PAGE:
Brittany Wagner
The South Building of Ewing Marion Kauffman School in Kansas City looks much more like a new academic building than a charter school serving low-income middle-school students. Streams of natural light flood the high-ceilinged lobby. On the wall next to the entrance is a portrait of the school’s late benefactor paired with the former Kansas City Royals owner’s quote, “You, you, and every one of you can go to college if you choose.”

kauffman entrance

Kauffman’s goal to “create college graduates” pervades the three-building campus. University flags hang on the walls. Students are divided into groups named after the universities teaching faculty attended. Teachers connect with students by sharing personal photographs, fight songs, and university traditions from their own college years. “It continues to invest kids in this idea that the people around you want you to have the same opportunities as they had and we don’t want socioeconomic status or zip code to hold you back from that,” said Candace Potter, talent recruiter for the school.


“Kids who grow up in low-income communities, about 10 percent graduate from college by the age of 24 … and we want to break that statistic,” she added. The school seems to be on its way.

Though 82.4 percent of students are eligible for free-reduced lunch, Kauffman earned 88.6 percent of possible points on the state’s Annual Progress Report. This means the charter is only 1.4 percentage points from being classified as Accredited with Distinction, which is stunning considering, according to Potter, most students begin below grade level.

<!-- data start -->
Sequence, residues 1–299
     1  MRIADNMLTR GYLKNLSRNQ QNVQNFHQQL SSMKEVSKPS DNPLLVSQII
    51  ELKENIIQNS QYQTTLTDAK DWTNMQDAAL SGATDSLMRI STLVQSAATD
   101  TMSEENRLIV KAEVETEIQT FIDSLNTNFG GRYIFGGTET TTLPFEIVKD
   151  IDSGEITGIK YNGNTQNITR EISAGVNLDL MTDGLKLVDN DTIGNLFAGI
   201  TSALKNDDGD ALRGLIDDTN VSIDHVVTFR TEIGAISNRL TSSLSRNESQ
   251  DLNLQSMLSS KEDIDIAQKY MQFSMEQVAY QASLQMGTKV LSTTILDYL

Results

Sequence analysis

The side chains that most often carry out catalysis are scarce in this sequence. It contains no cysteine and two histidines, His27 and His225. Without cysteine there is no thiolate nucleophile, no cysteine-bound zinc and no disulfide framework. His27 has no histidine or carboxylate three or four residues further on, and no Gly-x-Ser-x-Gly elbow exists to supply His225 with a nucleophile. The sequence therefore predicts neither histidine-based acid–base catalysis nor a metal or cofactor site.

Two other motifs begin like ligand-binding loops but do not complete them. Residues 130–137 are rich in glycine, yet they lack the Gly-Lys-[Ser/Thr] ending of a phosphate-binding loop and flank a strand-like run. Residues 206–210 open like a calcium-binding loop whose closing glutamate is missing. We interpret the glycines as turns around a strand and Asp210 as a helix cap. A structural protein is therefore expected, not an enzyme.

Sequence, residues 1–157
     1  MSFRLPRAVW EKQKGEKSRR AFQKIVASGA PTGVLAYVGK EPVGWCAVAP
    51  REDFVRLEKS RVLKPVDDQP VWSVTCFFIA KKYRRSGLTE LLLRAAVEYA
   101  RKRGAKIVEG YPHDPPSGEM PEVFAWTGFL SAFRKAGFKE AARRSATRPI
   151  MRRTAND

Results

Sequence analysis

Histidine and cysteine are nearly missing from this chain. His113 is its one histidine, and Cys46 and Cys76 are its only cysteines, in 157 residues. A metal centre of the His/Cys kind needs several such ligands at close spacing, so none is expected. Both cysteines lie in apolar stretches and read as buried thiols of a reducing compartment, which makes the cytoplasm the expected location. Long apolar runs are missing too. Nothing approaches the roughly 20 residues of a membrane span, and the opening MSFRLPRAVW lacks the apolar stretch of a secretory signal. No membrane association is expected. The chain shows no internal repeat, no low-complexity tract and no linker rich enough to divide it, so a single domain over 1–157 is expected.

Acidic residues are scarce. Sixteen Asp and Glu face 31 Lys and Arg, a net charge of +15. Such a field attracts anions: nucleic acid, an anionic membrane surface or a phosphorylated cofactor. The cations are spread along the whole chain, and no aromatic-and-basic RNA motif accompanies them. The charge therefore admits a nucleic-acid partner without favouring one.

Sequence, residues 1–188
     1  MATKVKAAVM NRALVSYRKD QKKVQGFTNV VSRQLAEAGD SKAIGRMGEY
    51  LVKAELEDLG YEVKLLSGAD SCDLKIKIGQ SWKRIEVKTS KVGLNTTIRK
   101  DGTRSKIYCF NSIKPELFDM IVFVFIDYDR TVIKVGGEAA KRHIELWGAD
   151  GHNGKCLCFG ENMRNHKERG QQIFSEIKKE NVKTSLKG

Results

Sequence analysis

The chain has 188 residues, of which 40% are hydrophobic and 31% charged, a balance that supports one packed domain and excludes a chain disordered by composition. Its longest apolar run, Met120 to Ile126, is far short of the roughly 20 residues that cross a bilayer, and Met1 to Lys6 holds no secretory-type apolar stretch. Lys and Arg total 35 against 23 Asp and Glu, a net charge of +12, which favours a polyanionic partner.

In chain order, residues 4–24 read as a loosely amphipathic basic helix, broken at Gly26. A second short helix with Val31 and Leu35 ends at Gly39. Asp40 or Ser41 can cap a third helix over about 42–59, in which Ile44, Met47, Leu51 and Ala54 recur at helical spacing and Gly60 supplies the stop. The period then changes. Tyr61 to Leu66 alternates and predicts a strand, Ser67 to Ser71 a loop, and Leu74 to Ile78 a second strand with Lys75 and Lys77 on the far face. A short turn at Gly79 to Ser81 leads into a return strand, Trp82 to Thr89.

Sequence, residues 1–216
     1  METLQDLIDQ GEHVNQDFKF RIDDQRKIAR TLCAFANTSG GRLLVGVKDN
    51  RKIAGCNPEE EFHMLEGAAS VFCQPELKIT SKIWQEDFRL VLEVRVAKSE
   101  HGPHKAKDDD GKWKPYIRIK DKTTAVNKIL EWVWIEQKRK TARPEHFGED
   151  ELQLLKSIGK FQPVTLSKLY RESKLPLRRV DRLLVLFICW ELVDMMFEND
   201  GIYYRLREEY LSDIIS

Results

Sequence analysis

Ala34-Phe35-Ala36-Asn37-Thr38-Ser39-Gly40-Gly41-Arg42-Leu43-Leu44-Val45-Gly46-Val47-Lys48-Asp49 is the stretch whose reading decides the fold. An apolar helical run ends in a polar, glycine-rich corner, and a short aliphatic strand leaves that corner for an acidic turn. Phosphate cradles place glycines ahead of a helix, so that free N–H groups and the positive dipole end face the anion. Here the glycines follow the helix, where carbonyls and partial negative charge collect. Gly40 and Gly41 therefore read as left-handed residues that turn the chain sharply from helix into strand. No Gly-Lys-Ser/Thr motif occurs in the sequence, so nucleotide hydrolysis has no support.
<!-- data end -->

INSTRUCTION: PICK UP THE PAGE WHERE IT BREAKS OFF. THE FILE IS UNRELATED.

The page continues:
One of those students is fifth-grader Aunecia Smith. She reports both her behavior and academics have improved since arriving at Kauffman, having previously attended George Melcher Elementary, a Kansas City public school. “It’s really not like this school. Their expectations weren’t as good,” she said.

Aside from rigorous academic expectations, the school invests in four PREP values, which serve as “current and future tools for success.” At frequent awards ceremonies, students are recognized with “PREP stars.” Aunecia, who wants to be a pediatrician when she grows up, has received two. “I have to change the channel on the TV when I see kids with cancer,” she said.

Quality charter schools like Ewing Marion Kauffman exemplify how school choice can set students on the course for success. Aunecia is just one student for which a charter school has made a difference, but if charters were able to expand regardless of district accreditation status or geographic location, many more students might be affected.

Before heading back to class, Aunecia said to me, “Every kid should go to a charter school.” I think what Aunecia really means is that every child should have access to the type of high-quality education she is receiving.

About the Author

Brittany Wagner
Education Policy Research Assistant

Brittany Wagner was an education policy research assistant at the Show-Me Institute.